1. The always alert Danwei bloggers have just alerted their readers to a fascinating website devoted to Cultural Revolution photographs. It’s well worth checking out their post or going straight to the website by a Cornell professor that they praise.

2. The Asia Society has a new exhibit up on “Art and China’s Revolution” (it runs through January 11), which is introduced well by Emily Parker in a recent Wall Street Journal piece that comes with a slide show, made up of powerful images on display. More images from the same show are available to click through courtesy of the New York Times.

3. I know I’m biased, since I’ve worked as a consultant on various Long Bow Group projects, but the website associated with that organization’s award-winning documentary “Morning Sun” (a film by Carma Hinton, Geremie Barmé, and Richard Gordon that was recently screened at the Asia Society to accompany the exhibit alluded to above) remains the single best place to go for a visual introduction to Cultural Revolution.

4. Posters were a particularly powerful vehicle through which images and ideas were conveyed during the Cultural Revolution, of course, and the Danwei post mentioned earlier directs readers to the excellent online displays created by Stefan Landsberger. But another place to turn if you just can’t get enough of these materials is the virtual version of a late 1990s traveling exhibit of materials from the wonderful collection held at the University of Westminster (full disclosure: I was one of the exhibit’s co-curators). This is the same collection that served as the basis for Picturing Power in the People’s Republic of China, a book edited by historian and gender studies scholar Harriet Evans and media studies scholar Stephanie Donald that includes many color images and chapters by the likes of art historian Craig Clunas, longtime Guardian China correspondent and poster-collector John Gittings, and literary critic Chen Xiaomei.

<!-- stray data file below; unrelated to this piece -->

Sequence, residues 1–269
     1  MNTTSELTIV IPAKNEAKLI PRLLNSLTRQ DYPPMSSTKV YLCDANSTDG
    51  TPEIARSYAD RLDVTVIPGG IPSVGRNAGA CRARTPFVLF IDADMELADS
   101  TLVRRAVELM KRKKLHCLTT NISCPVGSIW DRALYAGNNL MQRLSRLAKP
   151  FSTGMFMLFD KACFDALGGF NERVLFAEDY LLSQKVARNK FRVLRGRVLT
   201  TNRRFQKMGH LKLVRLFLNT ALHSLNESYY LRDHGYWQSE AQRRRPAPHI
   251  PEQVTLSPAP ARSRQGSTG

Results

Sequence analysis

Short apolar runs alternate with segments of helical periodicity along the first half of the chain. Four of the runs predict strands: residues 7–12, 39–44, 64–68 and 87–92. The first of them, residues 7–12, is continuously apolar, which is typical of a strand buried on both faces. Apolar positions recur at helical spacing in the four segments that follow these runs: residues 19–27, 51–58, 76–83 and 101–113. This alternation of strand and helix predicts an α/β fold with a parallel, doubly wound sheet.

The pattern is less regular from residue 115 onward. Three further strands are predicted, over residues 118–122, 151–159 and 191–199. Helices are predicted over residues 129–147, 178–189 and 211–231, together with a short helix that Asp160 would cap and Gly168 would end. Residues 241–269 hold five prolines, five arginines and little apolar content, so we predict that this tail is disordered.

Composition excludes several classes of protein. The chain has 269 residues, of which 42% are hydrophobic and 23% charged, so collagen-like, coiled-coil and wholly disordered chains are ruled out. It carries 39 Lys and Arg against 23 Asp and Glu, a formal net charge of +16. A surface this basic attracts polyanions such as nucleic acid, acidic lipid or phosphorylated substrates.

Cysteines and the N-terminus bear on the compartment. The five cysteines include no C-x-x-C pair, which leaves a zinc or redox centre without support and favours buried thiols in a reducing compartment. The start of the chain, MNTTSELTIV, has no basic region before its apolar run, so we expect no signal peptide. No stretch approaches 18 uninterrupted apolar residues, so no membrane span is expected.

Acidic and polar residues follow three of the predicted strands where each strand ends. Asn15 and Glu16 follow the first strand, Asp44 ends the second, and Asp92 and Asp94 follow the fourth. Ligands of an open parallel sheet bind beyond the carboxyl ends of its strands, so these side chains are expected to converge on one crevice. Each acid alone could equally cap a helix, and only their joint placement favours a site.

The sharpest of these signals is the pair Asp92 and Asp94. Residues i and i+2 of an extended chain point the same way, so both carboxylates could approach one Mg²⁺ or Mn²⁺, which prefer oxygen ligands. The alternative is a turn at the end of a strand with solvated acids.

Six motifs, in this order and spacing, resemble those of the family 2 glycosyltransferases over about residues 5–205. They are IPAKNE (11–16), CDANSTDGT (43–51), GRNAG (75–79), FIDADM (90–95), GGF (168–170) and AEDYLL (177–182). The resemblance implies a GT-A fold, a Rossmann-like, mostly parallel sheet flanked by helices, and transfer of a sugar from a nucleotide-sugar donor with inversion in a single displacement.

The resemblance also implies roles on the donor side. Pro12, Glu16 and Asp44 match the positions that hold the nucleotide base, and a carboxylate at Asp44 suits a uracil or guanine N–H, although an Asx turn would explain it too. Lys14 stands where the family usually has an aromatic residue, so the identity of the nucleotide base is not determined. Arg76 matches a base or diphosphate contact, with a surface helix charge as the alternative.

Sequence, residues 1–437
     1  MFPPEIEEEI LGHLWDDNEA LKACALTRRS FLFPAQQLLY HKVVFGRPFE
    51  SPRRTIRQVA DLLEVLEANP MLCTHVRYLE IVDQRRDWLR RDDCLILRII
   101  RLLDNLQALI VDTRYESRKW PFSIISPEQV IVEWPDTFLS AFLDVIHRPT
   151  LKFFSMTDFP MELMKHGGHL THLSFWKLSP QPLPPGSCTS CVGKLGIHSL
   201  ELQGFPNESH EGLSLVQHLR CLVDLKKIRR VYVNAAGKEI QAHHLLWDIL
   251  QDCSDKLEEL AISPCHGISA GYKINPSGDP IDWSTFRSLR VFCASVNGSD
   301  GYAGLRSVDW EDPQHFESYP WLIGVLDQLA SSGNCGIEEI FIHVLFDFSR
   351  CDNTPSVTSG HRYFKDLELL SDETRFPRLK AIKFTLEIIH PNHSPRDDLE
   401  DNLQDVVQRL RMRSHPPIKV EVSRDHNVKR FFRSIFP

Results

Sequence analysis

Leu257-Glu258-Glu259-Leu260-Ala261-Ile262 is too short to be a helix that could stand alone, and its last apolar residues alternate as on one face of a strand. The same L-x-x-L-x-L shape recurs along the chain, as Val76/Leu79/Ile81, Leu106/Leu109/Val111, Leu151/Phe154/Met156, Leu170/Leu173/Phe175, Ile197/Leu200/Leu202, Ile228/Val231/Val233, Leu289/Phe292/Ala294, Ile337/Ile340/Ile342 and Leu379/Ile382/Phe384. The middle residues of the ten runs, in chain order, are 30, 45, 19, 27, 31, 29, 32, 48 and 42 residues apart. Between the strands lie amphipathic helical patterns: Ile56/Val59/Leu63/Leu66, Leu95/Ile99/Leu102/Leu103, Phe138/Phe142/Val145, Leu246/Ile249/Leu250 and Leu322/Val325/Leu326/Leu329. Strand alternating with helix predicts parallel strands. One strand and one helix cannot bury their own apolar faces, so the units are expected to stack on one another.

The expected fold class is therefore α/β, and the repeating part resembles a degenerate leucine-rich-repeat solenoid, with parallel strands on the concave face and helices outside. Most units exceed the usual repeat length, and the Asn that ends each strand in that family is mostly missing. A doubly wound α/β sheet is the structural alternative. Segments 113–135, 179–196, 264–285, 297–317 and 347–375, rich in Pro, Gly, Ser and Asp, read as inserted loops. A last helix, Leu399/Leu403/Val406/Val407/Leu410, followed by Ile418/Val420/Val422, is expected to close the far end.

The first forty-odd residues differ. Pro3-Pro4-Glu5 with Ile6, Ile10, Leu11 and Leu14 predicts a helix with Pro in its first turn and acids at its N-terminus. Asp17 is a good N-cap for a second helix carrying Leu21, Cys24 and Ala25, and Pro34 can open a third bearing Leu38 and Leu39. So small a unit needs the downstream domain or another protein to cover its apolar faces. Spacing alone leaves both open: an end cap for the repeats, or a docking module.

5. And there are many other places to turn on the web for those interested in these topics, including this online collection of reproductions of posters held at Berkeley’s East Asian Library. This online source, as well as some of the others mentioned above, includes material that falls outside of the Cultural Revolution’s chronology, which makes it possible to think in new ways about the continuities and ruptures between that period and those that immediately preceded and followed it.